(viii) Input Service Distributor, whether or not separately registered under this Act;
(ix) Persons who supply goods or services or both, other than supplies specified under sub-section (5) of section 9, through such electronic commerce operator who is required to collect tax at source under section 52;
(x) Every electronic commerce operator;
(xi) Every person supplying online information and database access or retrieval services from a place outside India to a person in India, other than a registered person; and
(xii) Such other person or class of persons as may be notified by the Government on the recommendations of the Council.
Now, a question may arise as to whether a registered person dealing exclusively in making Exempt supplies and is also avail the services of GTA or Advocate, is required, under the law, to get registration? Take an example of a publisher of books who pays royalty to its authors. Supply of Printed Books is Exempt vide entry no. 119 of Notification No.2/2017 Central Tax (Rate). Whether such publisher is required, under the law, to get registration, if he pays royalty to unregistered persons thereby attracting the provisions section 9(4)? Lets us presume for a while that RCM u/s 9(4) is in force.
On a plain reading of Section 23 it appears that he is not required to get registration. Section 22(1) which talks about ‘persons liable for registration’ whose aggregate turnover crosses the threshold limit. The definition of ‘Aggregate turnover’ include Exempt supplies also. Meaning thereby registration is compulsory even in case of a person dealing exclusively exempt supplies if it exceeds threshold limit. This reasoning has been further fortified by the fact that section 23 does not have a non-obstante clause with the expression like ‘notwithstanding anything contained section 22(1) of the Act.
Hence we can safely conclude that Section 23 does not override Section 22. Both the sections are independent codes.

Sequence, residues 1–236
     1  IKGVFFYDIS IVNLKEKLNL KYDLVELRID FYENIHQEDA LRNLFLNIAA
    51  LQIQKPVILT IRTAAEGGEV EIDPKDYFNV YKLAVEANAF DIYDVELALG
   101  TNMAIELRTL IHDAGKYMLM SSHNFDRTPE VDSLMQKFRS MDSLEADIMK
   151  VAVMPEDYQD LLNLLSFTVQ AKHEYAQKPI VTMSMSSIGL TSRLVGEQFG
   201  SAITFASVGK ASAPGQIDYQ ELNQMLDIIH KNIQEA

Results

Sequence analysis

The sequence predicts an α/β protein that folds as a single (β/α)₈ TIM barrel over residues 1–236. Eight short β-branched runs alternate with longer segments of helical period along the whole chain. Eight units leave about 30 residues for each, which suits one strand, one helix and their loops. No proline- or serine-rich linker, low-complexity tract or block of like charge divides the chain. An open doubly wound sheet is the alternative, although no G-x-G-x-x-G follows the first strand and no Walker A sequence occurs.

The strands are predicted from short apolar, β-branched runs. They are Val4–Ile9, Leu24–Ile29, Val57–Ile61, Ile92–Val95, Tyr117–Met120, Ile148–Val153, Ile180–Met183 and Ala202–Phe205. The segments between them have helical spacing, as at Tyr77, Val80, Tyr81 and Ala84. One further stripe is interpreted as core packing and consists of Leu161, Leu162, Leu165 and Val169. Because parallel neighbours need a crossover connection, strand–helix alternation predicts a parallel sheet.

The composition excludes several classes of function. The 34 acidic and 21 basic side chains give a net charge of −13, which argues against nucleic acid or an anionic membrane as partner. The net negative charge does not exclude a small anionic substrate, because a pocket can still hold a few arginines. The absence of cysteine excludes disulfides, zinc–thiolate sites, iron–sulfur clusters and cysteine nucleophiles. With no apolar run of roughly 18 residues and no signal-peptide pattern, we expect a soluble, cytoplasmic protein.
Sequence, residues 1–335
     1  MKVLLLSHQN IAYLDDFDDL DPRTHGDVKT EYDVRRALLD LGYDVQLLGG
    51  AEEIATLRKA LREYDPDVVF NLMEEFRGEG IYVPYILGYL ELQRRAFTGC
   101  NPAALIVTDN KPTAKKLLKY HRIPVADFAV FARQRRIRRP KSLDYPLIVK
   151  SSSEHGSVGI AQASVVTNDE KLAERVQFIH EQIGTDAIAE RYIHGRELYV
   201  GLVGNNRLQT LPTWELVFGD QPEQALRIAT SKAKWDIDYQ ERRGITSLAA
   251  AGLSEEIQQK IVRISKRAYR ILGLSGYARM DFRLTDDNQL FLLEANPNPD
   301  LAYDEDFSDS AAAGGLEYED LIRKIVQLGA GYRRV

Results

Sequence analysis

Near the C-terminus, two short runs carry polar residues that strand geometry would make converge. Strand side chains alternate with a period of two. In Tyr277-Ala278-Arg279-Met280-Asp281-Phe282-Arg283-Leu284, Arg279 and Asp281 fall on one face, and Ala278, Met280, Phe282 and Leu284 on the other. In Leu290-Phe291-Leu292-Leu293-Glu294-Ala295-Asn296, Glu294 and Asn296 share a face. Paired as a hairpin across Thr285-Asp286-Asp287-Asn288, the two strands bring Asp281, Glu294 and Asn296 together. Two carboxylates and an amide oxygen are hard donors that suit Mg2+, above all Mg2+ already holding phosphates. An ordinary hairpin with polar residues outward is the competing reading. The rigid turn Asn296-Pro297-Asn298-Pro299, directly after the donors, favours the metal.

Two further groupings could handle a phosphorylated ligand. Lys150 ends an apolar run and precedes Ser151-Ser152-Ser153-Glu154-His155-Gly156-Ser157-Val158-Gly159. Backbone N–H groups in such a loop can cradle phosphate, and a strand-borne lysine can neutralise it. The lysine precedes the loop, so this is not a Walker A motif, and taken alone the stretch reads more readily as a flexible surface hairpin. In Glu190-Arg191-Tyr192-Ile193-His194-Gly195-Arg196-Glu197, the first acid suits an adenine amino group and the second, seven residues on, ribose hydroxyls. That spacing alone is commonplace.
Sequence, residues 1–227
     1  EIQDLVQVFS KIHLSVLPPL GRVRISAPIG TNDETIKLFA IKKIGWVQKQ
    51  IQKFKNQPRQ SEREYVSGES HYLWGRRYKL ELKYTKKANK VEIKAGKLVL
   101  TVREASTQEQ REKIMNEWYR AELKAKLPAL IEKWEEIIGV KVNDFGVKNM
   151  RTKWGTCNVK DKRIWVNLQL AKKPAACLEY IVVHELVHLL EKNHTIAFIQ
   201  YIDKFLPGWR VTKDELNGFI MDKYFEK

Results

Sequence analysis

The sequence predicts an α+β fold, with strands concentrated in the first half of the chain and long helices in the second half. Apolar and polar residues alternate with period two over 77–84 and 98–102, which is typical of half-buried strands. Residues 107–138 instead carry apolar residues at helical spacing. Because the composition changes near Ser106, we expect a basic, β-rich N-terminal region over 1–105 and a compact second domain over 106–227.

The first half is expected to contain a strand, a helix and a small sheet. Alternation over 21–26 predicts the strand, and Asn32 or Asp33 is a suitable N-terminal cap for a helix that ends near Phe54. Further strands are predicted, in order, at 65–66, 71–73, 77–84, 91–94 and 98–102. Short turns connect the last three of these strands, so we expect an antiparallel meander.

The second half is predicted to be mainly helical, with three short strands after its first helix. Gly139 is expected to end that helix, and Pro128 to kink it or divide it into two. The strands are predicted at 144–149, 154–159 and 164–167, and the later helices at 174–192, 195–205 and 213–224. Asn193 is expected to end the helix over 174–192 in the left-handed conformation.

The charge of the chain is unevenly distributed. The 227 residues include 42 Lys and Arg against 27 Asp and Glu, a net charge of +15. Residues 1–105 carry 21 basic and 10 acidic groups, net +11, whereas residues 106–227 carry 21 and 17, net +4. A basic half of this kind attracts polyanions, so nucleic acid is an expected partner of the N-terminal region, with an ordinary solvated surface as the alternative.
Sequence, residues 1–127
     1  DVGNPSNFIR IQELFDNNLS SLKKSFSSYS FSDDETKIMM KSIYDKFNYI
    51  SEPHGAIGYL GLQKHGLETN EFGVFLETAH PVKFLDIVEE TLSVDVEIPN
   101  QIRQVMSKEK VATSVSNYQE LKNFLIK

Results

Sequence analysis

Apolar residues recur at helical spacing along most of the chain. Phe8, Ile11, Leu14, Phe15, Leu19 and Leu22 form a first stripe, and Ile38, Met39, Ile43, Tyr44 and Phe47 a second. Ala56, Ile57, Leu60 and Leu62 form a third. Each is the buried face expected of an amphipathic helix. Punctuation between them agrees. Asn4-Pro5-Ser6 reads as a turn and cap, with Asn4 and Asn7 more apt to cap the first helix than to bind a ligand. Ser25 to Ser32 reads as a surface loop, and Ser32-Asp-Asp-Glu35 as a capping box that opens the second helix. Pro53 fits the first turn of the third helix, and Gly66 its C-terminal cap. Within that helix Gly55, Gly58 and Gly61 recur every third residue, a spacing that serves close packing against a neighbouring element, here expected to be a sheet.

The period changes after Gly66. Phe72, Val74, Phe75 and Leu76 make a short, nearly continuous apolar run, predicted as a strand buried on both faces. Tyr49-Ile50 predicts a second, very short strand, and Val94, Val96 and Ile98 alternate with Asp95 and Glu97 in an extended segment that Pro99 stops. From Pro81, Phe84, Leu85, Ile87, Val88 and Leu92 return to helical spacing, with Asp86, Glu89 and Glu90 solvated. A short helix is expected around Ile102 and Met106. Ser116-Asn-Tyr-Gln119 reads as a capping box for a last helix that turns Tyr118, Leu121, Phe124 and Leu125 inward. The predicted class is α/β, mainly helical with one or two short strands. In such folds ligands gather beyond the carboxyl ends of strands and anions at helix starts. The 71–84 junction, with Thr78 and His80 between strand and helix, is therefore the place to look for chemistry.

However section 24 starts with the expression ‘Notwithstanding anything contained in sub-section (1) of section 22’. Thus section 24 specifically overrides the provisions of Section 22(1). However section 24 is silent as far as its overriding effect on section 23 is concerned.
It further appears that the legislation has chosen consciously section 24 to override the provisions of section 22(1) and has deliberately left-out section 23 from section 24. That might be the intention of the legislature.
It is fairly common in tax laws to use the expression ‘Notwithstanding anything contained in this Act or other Acts” or “Subject to other provisions of this Act or Other Acts”. Ordinarily, it is a legislative device to give such a clause an overriding effect over the law or provision that qualifies such clause. When a clause begins with “Notwithstanding anything contained in the Act or in some particular provision/provisions in the Act”, it is with a view to give the enacting part of the section, in case of conflict, an overriding effect over the Act or provision mentioned in the non obstante clause. It conveys that in spite of the provisions or the Act mentioned in the non-obstante clause, the enactment following such expression shall have full operation.
It is well settled that the provisions of a statute must be read harmoniously together. However, if this is not possible then it is settled law that where there is a conflict between two sections, and one cannot reconcile the two, one has to determine which the leading provision is and which the subordinate provision is, and which must give way to the other. A legislative instrument must be construed on the prima facie basis that its provisions are intended to give effect to harmonious goals. Where conflict appears to arise from the language of particular provisions, the conflict must be alleviated, so far as possible, by adjusting the meaning of the competing provisions to achieve that result which will best give effect to the purpose and language of those provisions while maintaining the unity of all the statutory provisions.
Thus by applying the ‘principle of harmonious construction’ one can safely conclude that section 22, section 23 and section 24 are independent codes. In order to draw a conclusion, we have to read all these sections concurrently.